We face our own evil every day.  I mean not only the world’s evil, but what lies within us.  God intends this picture of Israel entering the Promised Land to show us also what it means to let Christ cleanse us of sin.  He will do it, but He will do it step by step, “little by little”.  He knows that if at salvation we were instantly cleansed of everything in us that is not of Christ, we would soon be overwhelmed by evil that would come in and fill the emptiness that was there.  Here we see evil thoughts and intentions, wrong attitudes, sinful desire, all represented as “wild animals”.  These wild things spawned by Satan would take over where the evil human attitudes and actions that were there have been eradicated.  Like the nations before them, Israel would fall prey to these wild animals and, as Jesus said about the one emptied of evil spirits, “his last state would be worse than the first.”  When Christ drives out one bad habit, or one bad attitude, He replaces it with another, and mortars it firmly into place in the New Man, before He moves to the next.  If we are obedient, then in our lives, one after another of these evil, idolatrous nations falls to the Sword of Christ in us, and we drive them out gradually.

            This is how we attain holiness in Christ, brothers and sisters.

            Quit looking for an instant cure.  The disease is in the hands of the Great Physician, and He will prompt us to move against each cancerous cell until the whole mind and body are cleansed.  And that means our discipline is required, our holy patience is required, in order for Him to do His work in us.

            We must stop sinning, but it is Christ in us who will destroy these things as we move through the desert, and on into the Promised Land.  Think of the times in the Sinai when Israel sinned, and God then took action, swallowing up that sin with a huge opening in the earth, or sending a plague that took out the disease.  Israel bowed again before Him, and He led them on, closer and closer to the physical Land of Promise, which is a picture for us of our spiritual journey to holiness in Christ.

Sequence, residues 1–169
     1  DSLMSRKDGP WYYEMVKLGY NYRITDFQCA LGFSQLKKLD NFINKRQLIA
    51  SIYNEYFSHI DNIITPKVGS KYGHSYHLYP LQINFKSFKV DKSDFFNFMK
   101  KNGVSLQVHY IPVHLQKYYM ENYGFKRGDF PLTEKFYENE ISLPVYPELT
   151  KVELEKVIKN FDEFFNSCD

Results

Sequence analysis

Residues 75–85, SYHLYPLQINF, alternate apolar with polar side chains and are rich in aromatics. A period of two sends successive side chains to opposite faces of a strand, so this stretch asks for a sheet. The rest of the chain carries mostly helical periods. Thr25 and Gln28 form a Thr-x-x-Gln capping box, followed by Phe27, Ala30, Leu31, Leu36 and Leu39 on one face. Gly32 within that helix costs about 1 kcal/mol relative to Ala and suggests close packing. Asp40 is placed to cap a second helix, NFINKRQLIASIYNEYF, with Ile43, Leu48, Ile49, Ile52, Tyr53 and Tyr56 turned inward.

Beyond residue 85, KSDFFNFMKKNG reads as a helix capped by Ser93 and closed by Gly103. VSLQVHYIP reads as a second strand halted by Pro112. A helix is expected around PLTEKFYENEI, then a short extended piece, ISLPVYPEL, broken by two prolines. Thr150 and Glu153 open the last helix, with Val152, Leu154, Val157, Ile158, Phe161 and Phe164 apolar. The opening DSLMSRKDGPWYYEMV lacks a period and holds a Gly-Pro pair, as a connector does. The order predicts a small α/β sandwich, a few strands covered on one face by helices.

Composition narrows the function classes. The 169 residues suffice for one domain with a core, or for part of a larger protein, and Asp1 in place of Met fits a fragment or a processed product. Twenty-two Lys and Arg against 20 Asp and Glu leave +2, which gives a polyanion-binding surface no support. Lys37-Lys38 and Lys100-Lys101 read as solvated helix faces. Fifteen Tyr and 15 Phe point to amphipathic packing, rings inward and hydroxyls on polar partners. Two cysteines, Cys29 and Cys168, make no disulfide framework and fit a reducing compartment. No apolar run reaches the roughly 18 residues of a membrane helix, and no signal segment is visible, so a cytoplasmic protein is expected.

1. Excellent!! Wonderful way of explaining why true holiness has to take such a long time to gain momentum in our lives... I love the expression you used here! "When Christ drives out one bad habit, or one bad attitude, He replaces it with another, and mortars it firmly into place in the New Man, before He moves to the next". A powerful and encouraging visual!

  2. Thanks, Mary. I know this helped me, as I am in the throes of daily dying to my selfish ways. All encouragement in Christ to those on the trek together with Him.

  3. Greetings From Southern California

    Amen! Our Holiness is in Christ alone! Praise His Holy Name!

    Thanks for your recent visit to My Blog

    Have a Nice Day :-)

  4. Thanks Old Geezer Ron:
    Christ alone will do this in us!